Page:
This was originally published in ‘The Nerve’ the Southampton Biological Society Paper:
Global warming has had wide ranging affects on the environment and life on this planet. From the shrinking of the icecaps to the death of forests due to acid rain, very few places have not felt some sort of impact. One of the lesser known effects is increasing ocean acidity. The first sign that the rise in ocean acidity could affect animal behaviour has just been documented by the National Academy of Science in the US.
This study looked at the effects ocean acidity has on the ability of orange Clownfish larvae (Amphiprion percula) to find a suitable habitat. The habitat chosen by Clownfish larvae is thought to be closely linked to the smell organisms in that habitat give off. The larvae are attracted to scents of tropical tree plants and are repelled by the smell of swamp tree plants, as well as the smell of their parents. This results in Clownfish larvae selecting a habitat which gives adequate predator protection, a good supply of food and also prevents inbreeding.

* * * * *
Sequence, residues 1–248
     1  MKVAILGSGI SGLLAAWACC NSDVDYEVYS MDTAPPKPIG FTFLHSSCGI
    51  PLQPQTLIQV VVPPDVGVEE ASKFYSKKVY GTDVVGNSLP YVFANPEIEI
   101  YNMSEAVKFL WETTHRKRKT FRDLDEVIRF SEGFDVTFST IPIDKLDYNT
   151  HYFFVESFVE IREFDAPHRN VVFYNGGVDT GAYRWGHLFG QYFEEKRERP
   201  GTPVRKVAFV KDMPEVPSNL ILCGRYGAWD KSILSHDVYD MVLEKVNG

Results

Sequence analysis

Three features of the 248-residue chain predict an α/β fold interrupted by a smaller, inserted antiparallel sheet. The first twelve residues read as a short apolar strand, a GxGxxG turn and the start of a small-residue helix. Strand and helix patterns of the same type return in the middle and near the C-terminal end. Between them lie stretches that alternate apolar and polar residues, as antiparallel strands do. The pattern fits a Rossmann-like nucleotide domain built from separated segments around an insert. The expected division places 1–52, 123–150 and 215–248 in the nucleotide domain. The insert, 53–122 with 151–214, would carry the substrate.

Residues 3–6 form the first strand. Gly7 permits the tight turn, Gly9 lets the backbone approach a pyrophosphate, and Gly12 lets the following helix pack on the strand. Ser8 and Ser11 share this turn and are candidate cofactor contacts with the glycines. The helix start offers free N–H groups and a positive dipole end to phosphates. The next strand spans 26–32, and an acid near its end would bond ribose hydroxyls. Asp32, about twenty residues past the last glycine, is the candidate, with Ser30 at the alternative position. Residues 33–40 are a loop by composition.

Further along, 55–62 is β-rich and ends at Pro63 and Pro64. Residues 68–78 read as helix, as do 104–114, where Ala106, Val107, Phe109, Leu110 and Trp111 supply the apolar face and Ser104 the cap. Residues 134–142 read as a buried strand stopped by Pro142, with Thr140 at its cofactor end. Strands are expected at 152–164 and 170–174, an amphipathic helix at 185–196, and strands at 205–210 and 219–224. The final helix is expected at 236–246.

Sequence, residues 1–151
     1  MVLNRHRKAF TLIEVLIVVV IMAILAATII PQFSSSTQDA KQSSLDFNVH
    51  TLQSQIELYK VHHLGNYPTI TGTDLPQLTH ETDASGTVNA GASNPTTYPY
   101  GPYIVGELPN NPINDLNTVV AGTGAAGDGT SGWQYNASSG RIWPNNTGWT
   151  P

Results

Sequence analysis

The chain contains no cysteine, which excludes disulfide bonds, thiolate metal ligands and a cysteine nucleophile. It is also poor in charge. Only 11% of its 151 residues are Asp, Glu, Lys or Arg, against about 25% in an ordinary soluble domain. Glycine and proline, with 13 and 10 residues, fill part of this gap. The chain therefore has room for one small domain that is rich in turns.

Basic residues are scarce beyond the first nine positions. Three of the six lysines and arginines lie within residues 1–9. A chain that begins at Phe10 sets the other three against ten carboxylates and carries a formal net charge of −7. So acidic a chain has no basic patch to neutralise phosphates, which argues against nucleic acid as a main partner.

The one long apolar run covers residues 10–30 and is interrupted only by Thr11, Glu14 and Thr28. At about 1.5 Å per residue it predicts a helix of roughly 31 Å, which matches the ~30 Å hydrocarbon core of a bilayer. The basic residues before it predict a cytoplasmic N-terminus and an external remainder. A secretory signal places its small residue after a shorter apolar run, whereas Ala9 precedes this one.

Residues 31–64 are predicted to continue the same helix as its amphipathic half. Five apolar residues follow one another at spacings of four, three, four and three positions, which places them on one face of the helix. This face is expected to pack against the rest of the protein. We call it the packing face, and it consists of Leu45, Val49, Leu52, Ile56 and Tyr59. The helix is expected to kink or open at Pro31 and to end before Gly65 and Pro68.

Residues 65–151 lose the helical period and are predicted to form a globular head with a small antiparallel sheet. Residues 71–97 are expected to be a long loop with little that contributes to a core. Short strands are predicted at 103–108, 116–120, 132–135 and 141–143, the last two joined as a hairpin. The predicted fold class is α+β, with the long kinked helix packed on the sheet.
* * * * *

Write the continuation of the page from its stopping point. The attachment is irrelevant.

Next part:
This ability to pick out the most suitable habitat was put to the test in studies involving sea water containing the current levels of acidity and the predicted levels of ocean acidity in 2100. The results showed that although the larvae were still attracted to the tropical tree plant odours in water exhibiting the 2100 levels of ocean acidity, they were no long repelled by the swamp plant odours or the odours of their parents. If this trend were to become commonplace, the number of larvae making it to adulthood would drop significantly due to larvae perishing in the swampy environments.
It remains unknown why increasing ocean acidity accounts for this loss of appropriate habitat selection, but these results suggest that life may become far less amusing for the Clownfish in the future.